1. I. M. Slaymaker, Y. Fu, D. B. Toso, N. Ranatunga, A. Brewster, S. L. Forsburg, Z. H. Zhou, X. S. Chen. Mini-chromosome maintenance complexes form a filament to remodel DNA structure and topology. Nucleic Acids Research, 2013; DOI: 10.1093/nar/gkt022

Cite This Page:

University of Southern California. "Protein abundant in cancerous cells causes DNA 'supercoiling'." ScienceDaily. ScienceDaily, 11 March 2013. <www.sciencedaily.com/releases/2013/03/130311151250.htm>.
University of Southern California. (2013, March 11). Protein abundant in cancerous cells causes DNA 'supercoiling'. ScienceDaily. Retrieved November 26, 2014 from www.sciencedaily.com/releases/2013/03/130311151250.htm
University of Southern California. "Protein abundant in cancerous cells causes DNA 'supercoiling'." ScienceDaily. www.sciencedaily.com/releases/2013/03/130311151250.htm (accessed November 26, 2014).

Share This


More From ScienceDaily



More Health & Medicine News

Wednesday, November 26, 2014

Featured Research

from universities, journals, and other organizations


Featured Videos

from AP, Reuters, AFP, and other news services

Pet Dogs to Be Used in Anti-Ageing Trial

Pet Dogs to Be Used in Anti-Ageing Trial

Reuters - Innovations Video Online (Nov. 26, 2014) Researchers in the United States are preparing to discover whether a drug commonly used in human organ transplants can extend the lifespan and health quality of pet dogs. Video provided by Reuters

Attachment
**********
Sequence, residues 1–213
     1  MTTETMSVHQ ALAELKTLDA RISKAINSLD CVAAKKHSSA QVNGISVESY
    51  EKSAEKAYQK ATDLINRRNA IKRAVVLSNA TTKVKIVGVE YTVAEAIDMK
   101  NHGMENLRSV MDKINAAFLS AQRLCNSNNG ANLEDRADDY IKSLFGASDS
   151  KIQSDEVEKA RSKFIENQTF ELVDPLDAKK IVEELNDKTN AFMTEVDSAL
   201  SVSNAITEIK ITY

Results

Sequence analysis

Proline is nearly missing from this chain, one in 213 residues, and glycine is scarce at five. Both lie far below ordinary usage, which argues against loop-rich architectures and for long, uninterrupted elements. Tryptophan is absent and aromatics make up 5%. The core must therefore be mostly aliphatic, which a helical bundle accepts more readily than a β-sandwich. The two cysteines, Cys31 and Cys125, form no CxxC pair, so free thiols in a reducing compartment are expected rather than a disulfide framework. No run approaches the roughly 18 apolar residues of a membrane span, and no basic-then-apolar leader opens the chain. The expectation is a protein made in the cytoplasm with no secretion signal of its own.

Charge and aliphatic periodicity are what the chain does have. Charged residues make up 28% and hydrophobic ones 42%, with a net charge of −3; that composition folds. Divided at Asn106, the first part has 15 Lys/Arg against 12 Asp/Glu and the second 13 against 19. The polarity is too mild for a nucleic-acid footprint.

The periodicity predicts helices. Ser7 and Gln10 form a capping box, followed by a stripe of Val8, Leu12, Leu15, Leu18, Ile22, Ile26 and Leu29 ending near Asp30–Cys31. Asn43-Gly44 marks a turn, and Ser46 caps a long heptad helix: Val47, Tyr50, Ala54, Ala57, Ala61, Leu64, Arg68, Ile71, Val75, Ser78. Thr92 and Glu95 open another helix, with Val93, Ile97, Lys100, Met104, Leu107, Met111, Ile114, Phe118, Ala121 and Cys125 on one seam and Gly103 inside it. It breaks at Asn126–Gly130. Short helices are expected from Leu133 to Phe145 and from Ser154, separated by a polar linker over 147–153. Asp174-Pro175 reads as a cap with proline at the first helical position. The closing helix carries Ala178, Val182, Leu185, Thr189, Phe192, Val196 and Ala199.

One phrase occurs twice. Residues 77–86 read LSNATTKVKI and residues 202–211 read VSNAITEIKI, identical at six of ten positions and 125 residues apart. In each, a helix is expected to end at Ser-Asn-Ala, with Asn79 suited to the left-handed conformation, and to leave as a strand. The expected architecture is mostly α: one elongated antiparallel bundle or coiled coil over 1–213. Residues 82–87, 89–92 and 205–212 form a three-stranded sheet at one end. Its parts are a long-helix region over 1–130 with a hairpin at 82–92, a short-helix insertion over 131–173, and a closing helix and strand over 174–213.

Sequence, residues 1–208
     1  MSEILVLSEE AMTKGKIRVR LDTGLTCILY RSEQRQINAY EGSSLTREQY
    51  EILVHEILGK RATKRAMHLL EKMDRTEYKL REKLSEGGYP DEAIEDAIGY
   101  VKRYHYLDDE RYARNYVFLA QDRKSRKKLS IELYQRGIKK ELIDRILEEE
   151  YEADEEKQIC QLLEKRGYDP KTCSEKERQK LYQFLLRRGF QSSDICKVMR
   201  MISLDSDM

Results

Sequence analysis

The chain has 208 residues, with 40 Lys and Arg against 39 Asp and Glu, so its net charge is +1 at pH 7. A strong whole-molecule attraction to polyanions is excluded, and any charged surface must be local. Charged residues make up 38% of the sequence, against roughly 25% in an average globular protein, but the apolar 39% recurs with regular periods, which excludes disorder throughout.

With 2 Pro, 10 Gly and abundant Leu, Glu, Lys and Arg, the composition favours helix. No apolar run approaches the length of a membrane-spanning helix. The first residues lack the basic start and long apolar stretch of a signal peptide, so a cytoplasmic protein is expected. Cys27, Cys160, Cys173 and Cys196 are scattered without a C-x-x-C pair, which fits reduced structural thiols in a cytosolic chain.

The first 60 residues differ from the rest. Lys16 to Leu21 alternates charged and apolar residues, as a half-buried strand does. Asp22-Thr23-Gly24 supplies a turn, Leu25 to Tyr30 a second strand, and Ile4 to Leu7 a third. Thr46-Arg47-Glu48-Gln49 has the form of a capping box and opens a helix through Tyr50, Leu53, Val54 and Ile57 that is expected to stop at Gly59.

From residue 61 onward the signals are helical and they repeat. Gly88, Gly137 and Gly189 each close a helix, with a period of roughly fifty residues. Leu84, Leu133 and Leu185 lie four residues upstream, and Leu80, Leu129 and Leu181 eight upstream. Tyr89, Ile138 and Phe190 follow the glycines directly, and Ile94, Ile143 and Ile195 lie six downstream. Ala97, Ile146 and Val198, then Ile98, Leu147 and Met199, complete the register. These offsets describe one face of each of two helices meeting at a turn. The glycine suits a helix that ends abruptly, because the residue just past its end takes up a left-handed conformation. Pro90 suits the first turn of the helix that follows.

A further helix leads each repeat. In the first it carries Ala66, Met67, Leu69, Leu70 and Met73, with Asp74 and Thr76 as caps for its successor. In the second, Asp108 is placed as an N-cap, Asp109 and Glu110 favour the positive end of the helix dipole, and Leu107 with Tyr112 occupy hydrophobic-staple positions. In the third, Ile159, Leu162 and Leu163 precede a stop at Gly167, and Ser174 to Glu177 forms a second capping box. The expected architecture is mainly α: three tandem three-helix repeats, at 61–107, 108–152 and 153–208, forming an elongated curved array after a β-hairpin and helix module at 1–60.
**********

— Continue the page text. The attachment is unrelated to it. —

Powered by NewsLook.com
Today's Prostheses Are More Capable Than Ever

Today's Prostheses Are More Capable Than Ever

Newsy (Nov. 26, 2014) Advances in prosthetics are making replacement body parts stronger and more lifelike than they’ve ever been. Video provided by Newsy
Powered by NewsLook.com
From Popcorn To Vending Snacks: FDA Ups Calorie Count Rules

From Popcorn To Vending Snacks: FDA Ups Calorie Count Rules

Newsy (Nov. 25, 2014) The US FDA is announcing new calorie rules on Tuesday that will require everywhere from theaters to vending machines to include calorie counts. Video provided by Newsy
Powered by NewsLook.com
Daily Serving Of Yogurt Could Reduce Risk Of Type 2 Diabetes

Daily Serving Of Yogurt Could Reduce Risk Of Type 2 Diabetes

Newsy (Nov. 25, 2014) Need another reason to eat yogurt every day? Researchers now say it could reduce a person's risk of developing type 2 diabetes. Video provided by Newsy
Powered by NewsLook.com

Search ScienceDaily

Number of stories in archives: 140,361

Find with keyword(s):
Enter a keyword or phrase to search ScienceDaily for related topics and research stories.

Save/Print:
Share:

Breaking News:

Strange & Offbeat Stories


Health & Medicine

Mind & Brain

Living & Well

In Other News

... from NewsDaily.com

Science News

Health News

Environment News

Technology News



Save/Print:
Share:

Free Subscriptions


Get the latest science news with ScienceDaily's free email newsletters, updated daily and weekly. Or view hourly updated newsfeeds in your RSS reader:

Get Social & Mobile


Keep up to date with the latest news from ScienceDaily via social networks and mobile apps:

Have Feedback?


Tell us what you think of ScienceDaily -- we welcome both positive and negative comments. Have any problems using the site? Questions?
Mobile: iPhone Android Web
Follow: Facebook Twitter Google+
Subscribe: RSS Feeds Email Newsletters
Latest Headlines Health & Medicine Mind & Brain Space & Time Matter & Energy Computers & Math Plants & Animals Earth & Climate Fossils & Ruins